The Importance of Financial Literacy and How to Avoid Insurance Frauds

Financial Literacy and How to Avoid Insurance Frauds

Whether you’re taking out a loan, starting a business, or just wanting to keep your assets safe, chances are you’re looking at insurance policies. They’re certainly necessary and helpful, but they’re also fertile ground for financial fraud. To keep yourself safe, you need to be financially literate and recognize the warning signs.

What is Financial Literacy?

The simplest definition of financial literacy is the ability to understand and effectively use various financial skills. Financial skills include, but are not limited to:

  • tracking spending,
  • budgeting,
  • saving,
  • investing,
  • financially managing a business,
  • handling debt,
  • retirement planning, etc.

Financial literacy also means navigating credit products like electronic transfers, credit cards, and debit cards. It means being familiar with various concepts that apply to your money, such as:

  • debt,
  • loan,
  • mortgage,
  • tradeoff,
  • interest and compound interest,
  • time value of money,
  • investment,
  • liability,
  • insurance, etc.

Why is it important?

A person’s financial literacy defines their relationship with money. Good financial literacy means fiscal responsibility and overall financial success. Financial illiteracy results in irresponsible spending and persistent financial trouble.

It’s about your long-term fiscal situation. Moreover, your financial savvy is what keeps you safe from fiscal fraud in all its forms. The most common form of fraud that regular citizens fall prey to is insurance fraud.

This mostly comes in the form of junk clauses. Junk insurance clauses are caveats in your contract that actually damage your finances. They’re extremely unlikely, riddled with exceptions, deliberately unclear, or otherwise “gray” so you end up paying unnecessary fees for insurance you can never actually claim.

Common insurance frauds

Broadly speaking, there are three main types: Consumer Credit Insurance, Guaranteed Asset Protection, and Mechanical Breakdown Insurance. Let’s take a brief look at each.

CCI is commonly sold by banks and insurance companies. It comes with credit cards and various loans. Sellers present it as required protection in case clients can’t meet their minimum monthly repayment. In truth, CCI is completely optional and you can exclude it from your credit card or loan application.

GAP comes with vehicle insurance. It’s supposed to cover the difference between the loan you took out to buy the vehicle and its market price at the time when you claim the insurance. The trick is, it applies only to comprehensive insurance. If you don’t have a comprehensive policy on your vehicle GAP is a non-claimable junk clause.

MBI is the infamous “extended warranty”. It applies to any goods that come with a warranty but are only practical for purchasing brand-new. Any second-hand used thrift or antique goods usually have exclusions to their warranties. Those exceptions mean that you wouldn’t be able to claim MBI on the goods anyway.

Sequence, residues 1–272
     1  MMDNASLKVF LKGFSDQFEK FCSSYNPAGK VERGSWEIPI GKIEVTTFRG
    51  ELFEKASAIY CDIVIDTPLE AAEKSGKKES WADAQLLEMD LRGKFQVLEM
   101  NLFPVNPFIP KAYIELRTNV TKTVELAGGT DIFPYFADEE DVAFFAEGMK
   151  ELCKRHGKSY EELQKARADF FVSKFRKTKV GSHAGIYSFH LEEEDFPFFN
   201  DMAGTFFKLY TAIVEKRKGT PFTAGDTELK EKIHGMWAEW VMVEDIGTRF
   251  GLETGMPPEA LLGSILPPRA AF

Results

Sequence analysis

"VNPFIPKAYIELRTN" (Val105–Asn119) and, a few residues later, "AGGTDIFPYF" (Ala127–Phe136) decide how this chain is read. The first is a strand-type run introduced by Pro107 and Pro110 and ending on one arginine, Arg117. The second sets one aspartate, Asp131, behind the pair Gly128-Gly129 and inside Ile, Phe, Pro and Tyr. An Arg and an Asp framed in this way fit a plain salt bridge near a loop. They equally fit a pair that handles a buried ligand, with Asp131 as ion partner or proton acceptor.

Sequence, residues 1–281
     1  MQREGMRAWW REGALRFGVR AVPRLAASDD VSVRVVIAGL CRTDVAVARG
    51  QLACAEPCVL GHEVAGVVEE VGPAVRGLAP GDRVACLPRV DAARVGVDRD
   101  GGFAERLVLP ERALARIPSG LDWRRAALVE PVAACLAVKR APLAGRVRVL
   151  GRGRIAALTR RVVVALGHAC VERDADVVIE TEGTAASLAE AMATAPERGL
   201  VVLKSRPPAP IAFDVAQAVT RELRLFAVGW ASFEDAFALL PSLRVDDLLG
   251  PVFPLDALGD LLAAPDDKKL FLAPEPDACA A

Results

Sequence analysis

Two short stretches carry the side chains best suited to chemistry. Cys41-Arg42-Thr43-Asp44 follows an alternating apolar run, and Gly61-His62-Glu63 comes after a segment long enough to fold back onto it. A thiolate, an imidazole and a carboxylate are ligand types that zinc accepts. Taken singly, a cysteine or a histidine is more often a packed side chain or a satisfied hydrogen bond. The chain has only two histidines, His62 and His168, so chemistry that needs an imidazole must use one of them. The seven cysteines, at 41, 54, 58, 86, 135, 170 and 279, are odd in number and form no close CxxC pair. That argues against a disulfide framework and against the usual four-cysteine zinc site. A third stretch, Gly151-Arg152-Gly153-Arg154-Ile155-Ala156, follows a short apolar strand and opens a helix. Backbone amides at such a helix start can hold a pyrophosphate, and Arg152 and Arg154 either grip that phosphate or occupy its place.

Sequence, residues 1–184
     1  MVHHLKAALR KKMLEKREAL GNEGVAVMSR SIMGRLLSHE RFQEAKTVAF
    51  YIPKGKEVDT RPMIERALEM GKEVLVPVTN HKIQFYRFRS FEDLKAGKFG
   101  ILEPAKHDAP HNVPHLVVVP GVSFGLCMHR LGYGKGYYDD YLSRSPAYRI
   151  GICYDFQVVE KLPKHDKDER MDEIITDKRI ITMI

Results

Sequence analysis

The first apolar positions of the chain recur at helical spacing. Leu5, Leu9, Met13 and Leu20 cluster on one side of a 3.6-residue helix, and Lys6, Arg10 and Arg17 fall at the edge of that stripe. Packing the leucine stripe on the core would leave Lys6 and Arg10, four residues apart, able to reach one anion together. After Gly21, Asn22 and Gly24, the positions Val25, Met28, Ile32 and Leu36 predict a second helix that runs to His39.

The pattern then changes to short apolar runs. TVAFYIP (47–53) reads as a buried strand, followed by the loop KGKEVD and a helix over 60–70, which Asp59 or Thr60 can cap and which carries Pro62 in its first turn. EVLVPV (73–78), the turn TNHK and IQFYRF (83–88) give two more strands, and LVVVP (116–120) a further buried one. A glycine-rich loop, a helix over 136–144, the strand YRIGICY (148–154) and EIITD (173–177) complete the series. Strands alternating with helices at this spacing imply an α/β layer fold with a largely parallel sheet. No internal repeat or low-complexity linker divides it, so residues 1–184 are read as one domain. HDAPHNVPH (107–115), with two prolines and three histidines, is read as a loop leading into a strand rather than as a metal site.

Avoiding insurance frauds

Financial Literacy and Avoid Insurance Frauds

Now you might be wondering “Okay, how do I get my refund from insurance fraud?” and the answer is fairly simple. Review your contracts, consult a refund expert, and take the shady insurers to court.

Look at your credit card statements, loan statements, etc. Fraudulent insurance clauses can be recognized by the specific legalese they’re couched in. These are some of the typical phrases:

  • add-on insurance
  • CCI/ consumer credit insurance
  • mechanical breakdown insurance
  • extended warranty
  • GAP insurance/ guaranteed asset protection
  • loan protection
  • mortgage protection
  • loan termination insurance
  • contents insurance

Improving your financial literacy

In addition to enlisting expert help, you can take some precautions on your own. There are several strategies to increase your financial literacy independently. These can be roughly divided into fiscal education and practicing fiscal skills.

Fiscal education can be acquired from various sources, including:

  • books,
  • courses,
  • podcasts,
  • professional consultations,
  • targeted online content, etc.

Look for a format that fits your learning style and start getting informed.

Day-to-day ways of practicing fiscal skills can be:

  • weekly or monthly household budgeting,
  • contrasting income vs. spending,
  • paying into a savings account every month,
  • promptly paying bills,
  • annually reviewing your credit report, etc.

In conclusion, proper financial literacy is your best tool in keeping your money safe long-term. Invest in your fiscal education and learn the shady legalese of fraudulent practices. Get refunds on current junk insurance with expert help, and bolster your knowledge for any future contracts you might consider.

Similar Posts

Leave a Reply

Your email address will not be published. Required fields are marked *

This site uses Akismet to reduce spam. Learn how your comment data is processed.